• info@howardcountymuseum.org

  • 1200 West Sycamore, Kokomo,
    Indiana 46901

  • (765) 452-4314

Bob Auth

For 20 years Bob Auth hosted the Koh-Koh-Mah and Foster Living History Encampment on his property in western Howard County. It was such a beloved event that, when it came to a close in 2021, it brought with it an outpouring of emotion from Bob and fellow participants. 

Bob is a Howard County native who spent much of his childhood roaming the woods and teaching himself fun hobbies like riding a unicycle and juggling (two things that happened at the same time only sporadically). He attended Western High School, where he was president of the Art Club. Bob enjoyed high school and made the most of it (sometimes maybe too much fun, he said with a wink). After graduating in 1972, Bob held a myriad of jobs over 50 years, including an apprenticeship for mold/tool and die making that he put to use at Delco Electronics and later as sales manager at Lorentson Manufacturing.

As a young man, Bob attended a Civil War reenactment at Shenandoah National Park in Virginia and fell in love. After participating as a reenactor in the Honey Creek Rendezvous in New London, Bob solidified his dream by starting the same type of tradition. When the Honey Creek Rendezvous ended in the 1990s, it was just a few years before Bob took those experiences and created what became an annual event on his own property west of Kokomo.

Working in tandem with friend Brian Wilson, they set their priority on the historical accuracy of the event. “It was important to do whatever you can to keep the history correct,” Bob said, referring to the military reenactment, the people portraying historical figures, the crafts, and the storytelling that made Koh-Koh-Mah what it was. The first year (2001) saw 150 participants in the reenactment and camps, a number that would eventually grow to more than 1,200 some years. 

The yearly event was also a collaboration with the Howard County Historical Society, which provided the manpower for candle making and roasting corn. Over the years, tens of thousands of visitors attended from across the United States. Nearly 30,000 students from Howard County, mostly 4th graders, were able to get up close and personal with living history on a special student day each year. There were demonstrations on how to make rope and yarn, candle making, 18th century games and a Native drum dance. A bit of local flair was captured by having re-enactors portray Chief Kokomo and David Foster (including Foster’s great-great-great-grandson, also named David Foster). Bob would even show off his musical talents by playing fiddle and mouth harp with other musicians on stage, performing 18th century songs.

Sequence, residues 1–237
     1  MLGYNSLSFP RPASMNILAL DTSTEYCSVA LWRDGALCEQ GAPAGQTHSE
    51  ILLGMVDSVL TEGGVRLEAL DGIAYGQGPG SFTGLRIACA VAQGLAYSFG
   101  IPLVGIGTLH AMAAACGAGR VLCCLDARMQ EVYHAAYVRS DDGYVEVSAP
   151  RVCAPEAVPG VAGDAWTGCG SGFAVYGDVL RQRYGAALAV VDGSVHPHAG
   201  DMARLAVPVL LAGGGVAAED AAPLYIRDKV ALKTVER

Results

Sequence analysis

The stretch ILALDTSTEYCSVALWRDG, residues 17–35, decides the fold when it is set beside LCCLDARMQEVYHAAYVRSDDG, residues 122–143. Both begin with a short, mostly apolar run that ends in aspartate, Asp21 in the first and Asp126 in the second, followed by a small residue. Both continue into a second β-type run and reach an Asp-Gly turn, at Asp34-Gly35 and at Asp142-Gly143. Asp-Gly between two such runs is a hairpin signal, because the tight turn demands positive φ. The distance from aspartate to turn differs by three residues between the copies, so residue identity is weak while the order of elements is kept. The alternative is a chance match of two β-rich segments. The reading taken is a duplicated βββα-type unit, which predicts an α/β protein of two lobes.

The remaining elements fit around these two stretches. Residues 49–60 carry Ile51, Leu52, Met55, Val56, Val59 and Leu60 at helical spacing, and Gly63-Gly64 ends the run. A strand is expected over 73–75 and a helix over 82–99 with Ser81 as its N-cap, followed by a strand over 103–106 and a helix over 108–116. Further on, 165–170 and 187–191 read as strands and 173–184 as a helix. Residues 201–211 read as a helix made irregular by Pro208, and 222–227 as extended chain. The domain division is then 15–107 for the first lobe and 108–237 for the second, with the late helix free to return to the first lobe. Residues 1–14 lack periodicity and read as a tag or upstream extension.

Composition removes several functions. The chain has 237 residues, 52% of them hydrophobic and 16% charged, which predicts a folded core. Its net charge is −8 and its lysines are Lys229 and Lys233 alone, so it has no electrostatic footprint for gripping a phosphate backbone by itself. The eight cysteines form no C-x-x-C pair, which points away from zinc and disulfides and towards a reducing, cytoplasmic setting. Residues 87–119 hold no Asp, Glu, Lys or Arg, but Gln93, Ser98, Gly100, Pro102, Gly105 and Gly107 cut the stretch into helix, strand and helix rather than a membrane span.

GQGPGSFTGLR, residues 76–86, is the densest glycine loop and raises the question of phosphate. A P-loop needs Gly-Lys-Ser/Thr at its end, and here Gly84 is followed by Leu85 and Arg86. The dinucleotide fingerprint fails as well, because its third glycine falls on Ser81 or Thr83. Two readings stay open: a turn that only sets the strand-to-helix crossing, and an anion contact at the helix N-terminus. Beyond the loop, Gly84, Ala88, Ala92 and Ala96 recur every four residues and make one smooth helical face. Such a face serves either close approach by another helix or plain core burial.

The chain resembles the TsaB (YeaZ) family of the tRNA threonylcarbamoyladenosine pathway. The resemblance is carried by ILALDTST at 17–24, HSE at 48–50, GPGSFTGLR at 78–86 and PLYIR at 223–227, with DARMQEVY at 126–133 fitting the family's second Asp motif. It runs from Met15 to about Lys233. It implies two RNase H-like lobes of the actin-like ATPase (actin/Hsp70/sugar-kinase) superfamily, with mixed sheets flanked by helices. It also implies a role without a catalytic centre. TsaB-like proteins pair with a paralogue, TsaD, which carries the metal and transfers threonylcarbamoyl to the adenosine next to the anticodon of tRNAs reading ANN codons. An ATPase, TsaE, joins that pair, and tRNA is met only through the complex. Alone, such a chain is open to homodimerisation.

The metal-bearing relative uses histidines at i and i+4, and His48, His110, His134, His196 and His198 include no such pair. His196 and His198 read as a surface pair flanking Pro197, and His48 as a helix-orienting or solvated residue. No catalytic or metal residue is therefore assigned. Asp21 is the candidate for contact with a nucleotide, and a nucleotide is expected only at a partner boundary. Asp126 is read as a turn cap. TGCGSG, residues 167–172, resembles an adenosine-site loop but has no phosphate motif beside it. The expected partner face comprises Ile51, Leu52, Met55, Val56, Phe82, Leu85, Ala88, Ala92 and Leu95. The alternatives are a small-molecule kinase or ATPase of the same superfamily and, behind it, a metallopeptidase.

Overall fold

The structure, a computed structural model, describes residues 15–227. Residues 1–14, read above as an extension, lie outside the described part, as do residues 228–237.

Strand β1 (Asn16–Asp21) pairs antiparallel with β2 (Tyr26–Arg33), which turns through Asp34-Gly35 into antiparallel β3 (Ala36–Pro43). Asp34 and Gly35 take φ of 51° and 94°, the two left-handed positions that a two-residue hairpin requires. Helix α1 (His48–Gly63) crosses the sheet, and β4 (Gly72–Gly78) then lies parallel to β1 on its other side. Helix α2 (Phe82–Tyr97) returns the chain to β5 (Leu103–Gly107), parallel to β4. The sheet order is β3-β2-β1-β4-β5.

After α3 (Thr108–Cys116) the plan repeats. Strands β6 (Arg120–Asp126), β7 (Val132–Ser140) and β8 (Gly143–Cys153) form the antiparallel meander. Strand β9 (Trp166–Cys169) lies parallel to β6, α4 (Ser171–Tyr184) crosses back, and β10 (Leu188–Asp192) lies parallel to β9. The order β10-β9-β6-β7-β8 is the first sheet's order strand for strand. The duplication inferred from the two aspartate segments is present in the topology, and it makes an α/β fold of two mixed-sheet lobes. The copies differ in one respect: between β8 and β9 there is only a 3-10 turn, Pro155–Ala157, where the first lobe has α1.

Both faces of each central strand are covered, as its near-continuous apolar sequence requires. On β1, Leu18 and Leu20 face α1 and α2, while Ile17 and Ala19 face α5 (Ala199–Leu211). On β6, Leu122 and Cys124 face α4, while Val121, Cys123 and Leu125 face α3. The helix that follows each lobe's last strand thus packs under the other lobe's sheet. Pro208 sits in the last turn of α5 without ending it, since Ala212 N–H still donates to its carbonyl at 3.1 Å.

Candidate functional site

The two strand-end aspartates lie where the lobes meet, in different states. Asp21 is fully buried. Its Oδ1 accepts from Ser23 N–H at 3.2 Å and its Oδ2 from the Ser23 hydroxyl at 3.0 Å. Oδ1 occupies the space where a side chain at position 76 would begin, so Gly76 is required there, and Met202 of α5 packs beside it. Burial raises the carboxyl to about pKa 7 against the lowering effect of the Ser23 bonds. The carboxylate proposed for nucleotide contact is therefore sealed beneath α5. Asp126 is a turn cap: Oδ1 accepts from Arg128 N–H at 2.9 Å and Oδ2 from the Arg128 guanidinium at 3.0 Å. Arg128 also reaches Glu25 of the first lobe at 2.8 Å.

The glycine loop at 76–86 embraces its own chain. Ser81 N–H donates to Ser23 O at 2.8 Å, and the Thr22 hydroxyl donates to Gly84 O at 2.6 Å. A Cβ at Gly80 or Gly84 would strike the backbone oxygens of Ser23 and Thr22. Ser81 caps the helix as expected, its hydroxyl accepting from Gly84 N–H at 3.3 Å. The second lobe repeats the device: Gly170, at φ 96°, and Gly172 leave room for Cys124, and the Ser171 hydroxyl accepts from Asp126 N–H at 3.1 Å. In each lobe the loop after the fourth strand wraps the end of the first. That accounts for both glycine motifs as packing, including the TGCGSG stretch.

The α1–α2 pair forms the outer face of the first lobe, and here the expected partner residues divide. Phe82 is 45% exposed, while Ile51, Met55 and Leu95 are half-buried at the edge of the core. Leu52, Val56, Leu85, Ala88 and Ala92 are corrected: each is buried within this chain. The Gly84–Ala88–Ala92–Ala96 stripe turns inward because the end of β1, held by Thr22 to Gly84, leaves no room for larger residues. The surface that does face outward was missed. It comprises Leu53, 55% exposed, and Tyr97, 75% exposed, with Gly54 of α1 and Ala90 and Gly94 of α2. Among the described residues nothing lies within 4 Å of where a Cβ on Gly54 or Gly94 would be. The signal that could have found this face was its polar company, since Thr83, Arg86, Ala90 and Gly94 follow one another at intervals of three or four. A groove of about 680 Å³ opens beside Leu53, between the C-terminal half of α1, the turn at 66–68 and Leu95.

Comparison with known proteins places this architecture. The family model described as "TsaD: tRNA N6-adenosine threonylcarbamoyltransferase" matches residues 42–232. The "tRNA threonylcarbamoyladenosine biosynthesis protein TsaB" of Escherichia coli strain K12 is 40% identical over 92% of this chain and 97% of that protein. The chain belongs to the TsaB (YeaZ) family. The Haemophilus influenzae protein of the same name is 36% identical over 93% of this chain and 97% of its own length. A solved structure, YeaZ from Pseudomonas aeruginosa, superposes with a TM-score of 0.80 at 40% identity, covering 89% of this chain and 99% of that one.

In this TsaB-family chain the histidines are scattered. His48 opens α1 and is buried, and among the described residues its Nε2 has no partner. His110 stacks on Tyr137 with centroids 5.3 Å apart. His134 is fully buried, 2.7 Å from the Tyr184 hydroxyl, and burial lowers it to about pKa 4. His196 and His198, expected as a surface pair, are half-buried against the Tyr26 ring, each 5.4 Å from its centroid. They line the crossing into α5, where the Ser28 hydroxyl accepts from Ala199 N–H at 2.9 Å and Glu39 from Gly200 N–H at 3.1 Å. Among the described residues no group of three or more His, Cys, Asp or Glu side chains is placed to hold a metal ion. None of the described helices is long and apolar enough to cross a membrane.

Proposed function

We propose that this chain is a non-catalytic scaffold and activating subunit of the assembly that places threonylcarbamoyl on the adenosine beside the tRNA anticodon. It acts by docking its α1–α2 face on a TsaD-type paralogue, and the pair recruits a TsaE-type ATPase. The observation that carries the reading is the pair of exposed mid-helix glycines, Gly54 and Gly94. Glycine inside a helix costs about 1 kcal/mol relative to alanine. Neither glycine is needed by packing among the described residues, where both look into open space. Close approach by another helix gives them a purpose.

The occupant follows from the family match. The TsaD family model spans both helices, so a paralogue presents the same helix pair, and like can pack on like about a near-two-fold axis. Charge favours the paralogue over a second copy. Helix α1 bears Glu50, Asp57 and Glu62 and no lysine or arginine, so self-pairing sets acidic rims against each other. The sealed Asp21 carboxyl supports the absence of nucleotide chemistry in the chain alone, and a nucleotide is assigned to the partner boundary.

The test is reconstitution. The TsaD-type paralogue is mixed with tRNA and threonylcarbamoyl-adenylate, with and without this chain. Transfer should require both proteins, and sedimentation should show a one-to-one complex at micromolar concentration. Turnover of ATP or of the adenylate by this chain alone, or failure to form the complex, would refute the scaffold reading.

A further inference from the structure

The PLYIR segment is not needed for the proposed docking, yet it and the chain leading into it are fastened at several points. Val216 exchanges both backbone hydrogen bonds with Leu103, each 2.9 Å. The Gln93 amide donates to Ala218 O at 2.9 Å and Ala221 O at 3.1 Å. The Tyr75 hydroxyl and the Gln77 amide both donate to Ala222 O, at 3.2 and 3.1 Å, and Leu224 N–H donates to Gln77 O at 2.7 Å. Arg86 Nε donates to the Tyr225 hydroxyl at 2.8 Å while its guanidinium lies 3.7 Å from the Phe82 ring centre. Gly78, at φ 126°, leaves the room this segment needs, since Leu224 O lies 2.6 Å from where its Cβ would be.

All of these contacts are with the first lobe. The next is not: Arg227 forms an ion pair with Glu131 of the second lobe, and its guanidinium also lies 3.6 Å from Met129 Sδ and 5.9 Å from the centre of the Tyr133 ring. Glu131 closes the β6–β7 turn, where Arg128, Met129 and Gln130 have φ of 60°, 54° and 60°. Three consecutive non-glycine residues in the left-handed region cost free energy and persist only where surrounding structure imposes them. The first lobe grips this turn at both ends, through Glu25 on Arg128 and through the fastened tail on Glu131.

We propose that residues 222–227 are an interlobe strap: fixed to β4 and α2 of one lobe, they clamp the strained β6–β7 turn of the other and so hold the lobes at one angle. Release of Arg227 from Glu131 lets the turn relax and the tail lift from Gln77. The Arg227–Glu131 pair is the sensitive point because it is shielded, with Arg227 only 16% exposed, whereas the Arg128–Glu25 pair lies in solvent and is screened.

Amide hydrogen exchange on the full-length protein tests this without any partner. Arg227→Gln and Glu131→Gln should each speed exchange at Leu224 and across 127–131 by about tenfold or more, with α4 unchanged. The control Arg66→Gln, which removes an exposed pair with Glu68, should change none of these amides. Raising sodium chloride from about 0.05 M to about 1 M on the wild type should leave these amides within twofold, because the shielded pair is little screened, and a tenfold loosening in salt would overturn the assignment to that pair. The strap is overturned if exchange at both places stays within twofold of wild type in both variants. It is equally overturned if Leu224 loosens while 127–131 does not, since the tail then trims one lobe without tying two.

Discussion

Bob’s other love, Bluegrass music, was an important part of Koh-Koh-Mah and eventually spun off with its own event, Winding Creek Music Festival. Bob and his team ran both events for 14 years. Bob insists that his wife, Robin, is a saint for supporting his dreams. 

“I never realized how much I loved doing this kind of stuff until I started doing it,” Bob said. It is clear that his love for both events runs fast and deep. Although Koh-Koh-Mah ended in 2021 (with applause and tears), Winding Creek Music Festival continues on, something Bob says he’ll keep doing as long as he’s feeling good. Join the fun August 15 to 18, 2024, on Bob’s property just 10 miles west of Kokomo, a magical place full of good memories and new traditions alike.